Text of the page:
For many years the skylarks bred and sang on what I will christen “Three Pill Box Hill” - two in good repair and one a heap of rubble.
Now, their nesting sites have been devastated by modern farming methods.
Last year it was a beautiful meadow with wild flowers, heaps of butterflies, and, of course, ascending skylarks proudly telling the world of their latest breeding achievements.
Now it has been turned into a sterile factory field.
For me, the now devastated scene was representative of the British countryside which has been gobbled up by factory agrichemical farming over the decades, in the pursuit of profits.
The RSPB and many other wildlife charities are deeply concerned about the loss of habitats and the rapid decline of skylarks and other once common species.
Three Pill Box Hill is bordered by Greensand Way joining Kings Mill Lane, a footpath from Kings Mill Lane leading to Robins Cook Farm, and a row of trees joining Greensand Way.
Owned by Redhill Aerodrome, it overlooks the airfield.
Whether they are responsible for the destruction, or a tenant, I am not in a position to say.
Not only have the skylarks and other wildlife been evicted, so too have the public.
It was an important recreational amenity for many local residents and other walkers for many, many years.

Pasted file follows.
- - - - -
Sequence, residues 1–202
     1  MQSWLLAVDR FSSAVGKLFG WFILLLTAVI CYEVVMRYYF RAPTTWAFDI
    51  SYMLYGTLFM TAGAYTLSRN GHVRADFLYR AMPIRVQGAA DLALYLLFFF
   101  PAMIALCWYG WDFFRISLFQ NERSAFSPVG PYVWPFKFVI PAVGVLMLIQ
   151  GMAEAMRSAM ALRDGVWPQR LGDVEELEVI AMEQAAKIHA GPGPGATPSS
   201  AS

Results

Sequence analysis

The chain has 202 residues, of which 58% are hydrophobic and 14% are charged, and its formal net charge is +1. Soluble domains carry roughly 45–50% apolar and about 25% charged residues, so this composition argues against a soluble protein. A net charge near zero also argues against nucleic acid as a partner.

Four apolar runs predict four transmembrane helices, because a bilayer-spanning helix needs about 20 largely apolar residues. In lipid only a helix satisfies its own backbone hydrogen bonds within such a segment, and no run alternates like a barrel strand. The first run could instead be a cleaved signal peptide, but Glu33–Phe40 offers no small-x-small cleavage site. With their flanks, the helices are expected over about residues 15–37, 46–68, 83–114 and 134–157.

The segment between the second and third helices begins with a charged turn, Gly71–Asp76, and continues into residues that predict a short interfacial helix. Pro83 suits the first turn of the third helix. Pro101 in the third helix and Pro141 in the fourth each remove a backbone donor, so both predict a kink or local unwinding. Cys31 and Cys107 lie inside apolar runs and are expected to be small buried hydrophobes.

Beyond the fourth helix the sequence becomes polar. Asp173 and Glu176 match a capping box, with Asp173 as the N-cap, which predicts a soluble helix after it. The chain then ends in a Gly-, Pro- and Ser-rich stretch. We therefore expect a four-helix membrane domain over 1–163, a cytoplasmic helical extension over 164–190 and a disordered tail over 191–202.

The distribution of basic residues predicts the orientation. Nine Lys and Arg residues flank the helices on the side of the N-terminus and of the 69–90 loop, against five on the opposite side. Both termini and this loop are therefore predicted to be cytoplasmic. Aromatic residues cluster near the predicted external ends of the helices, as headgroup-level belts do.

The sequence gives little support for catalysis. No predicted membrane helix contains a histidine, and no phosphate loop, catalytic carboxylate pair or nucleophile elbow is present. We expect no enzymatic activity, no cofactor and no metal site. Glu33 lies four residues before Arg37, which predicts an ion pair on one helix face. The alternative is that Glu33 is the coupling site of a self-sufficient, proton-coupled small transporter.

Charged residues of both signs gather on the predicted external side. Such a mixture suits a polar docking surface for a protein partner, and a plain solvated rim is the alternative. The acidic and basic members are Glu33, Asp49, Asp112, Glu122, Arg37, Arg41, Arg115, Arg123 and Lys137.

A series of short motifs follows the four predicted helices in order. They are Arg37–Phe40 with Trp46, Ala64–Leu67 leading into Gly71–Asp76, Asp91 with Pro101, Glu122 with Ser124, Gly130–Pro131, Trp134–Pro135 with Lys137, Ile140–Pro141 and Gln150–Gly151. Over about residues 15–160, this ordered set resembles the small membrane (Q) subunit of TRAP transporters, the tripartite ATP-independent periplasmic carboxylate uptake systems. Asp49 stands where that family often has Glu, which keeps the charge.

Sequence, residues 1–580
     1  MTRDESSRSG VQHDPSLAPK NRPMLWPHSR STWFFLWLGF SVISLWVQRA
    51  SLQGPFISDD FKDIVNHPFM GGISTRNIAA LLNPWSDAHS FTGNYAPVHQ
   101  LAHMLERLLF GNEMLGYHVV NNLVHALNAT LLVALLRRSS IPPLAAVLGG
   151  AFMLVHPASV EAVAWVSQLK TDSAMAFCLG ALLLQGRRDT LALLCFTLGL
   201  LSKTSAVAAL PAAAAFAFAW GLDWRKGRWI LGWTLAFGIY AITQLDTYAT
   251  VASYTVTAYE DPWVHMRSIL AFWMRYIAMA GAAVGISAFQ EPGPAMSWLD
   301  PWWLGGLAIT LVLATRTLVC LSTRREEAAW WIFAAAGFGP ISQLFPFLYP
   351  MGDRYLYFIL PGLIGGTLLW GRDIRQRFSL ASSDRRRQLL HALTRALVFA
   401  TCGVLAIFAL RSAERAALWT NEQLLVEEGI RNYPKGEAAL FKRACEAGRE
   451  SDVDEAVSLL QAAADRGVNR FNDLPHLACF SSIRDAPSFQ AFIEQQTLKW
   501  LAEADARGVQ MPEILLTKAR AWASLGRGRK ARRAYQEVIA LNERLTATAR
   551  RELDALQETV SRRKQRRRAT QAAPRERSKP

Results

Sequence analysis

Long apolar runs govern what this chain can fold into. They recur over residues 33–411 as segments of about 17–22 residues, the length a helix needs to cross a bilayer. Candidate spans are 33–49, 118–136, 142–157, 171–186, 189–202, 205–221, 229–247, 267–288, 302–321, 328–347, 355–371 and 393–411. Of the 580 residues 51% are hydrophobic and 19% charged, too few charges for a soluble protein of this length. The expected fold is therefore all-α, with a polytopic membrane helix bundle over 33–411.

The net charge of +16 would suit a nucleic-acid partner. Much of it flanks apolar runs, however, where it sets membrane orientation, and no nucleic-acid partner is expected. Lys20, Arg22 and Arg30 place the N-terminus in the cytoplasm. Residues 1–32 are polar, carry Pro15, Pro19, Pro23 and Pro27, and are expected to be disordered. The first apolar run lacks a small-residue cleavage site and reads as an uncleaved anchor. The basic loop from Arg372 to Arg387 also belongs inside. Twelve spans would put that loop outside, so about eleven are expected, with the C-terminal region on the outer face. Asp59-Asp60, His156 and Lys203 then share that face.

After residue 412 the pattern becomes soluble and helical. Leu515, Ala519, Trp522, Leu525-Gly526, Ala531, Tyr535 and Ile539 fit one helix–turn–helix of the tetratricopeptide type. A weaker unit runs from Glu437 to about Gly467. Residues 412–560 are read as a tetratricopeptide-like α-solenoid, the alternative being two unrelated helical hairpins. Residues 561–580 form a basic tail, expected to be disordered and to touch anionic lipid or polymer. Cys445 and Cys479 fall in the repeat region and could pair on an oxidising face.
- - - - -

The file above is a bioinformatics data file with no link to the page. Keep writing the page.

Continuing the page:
The oasis for wildlife has been giving pleasure by enabling people to absorb a natural environment.
There is strong evidence that walking and a peaceful, natural environment is good for people's physical and mental health – especially depression.
Another amenity loss is a path across the brow of the hill from Kings Mill Lane and Greensand Way, which has been torn up.
Although not an official Right of Way, the path has been there for as long as I can remember, and I have been in the Redhill area for some 25 years.
The law is that if used for over 20 years, it can become a Right of Way.
Because of the considerable concern about biodiversity loss, the United Nations has made 2010 the Biodiversity Year.
Although I have mainly focused on aesthetic aspects, the loss of wildlife, food chains, etc, affects the long-term survival of the human race.
The collapse of bees and pollination is a case in point.
What has happened to Three Pill Box Hill is another example of the chipping away at what is left of important wildlife habitat and traditional rural Britain.
What can be done? With the unofficial “brow” footpath, the Redhill Aerodrome owners could reinstate it and make it a Permissive Path.
If unwilling to do that, a good number of users who can remember using it for over 20 years, could make an application to Surrey County Council.
This happened in the case of the Old Canadian Road.
To restore the wildlife oasis back to a meadow and a valuable recreation facility, it would be a welcome act of philanthropy by Redhill Aerodrome to donate the hill to the community, RSPB, National Trust, etc, to manage and create a nature reserve.
If unwilling to do that, there may be a case for making it a common as being “required by the public.”
A public campaign may be necessary. Perhaps a trust or cooperative could be formed to purchase the land for a nominal price.
As to the hill's future, the ball is very much in the Redhill Aerodrome owners' court at this stage.
Vic Parks, Kiln Walk, Redhill.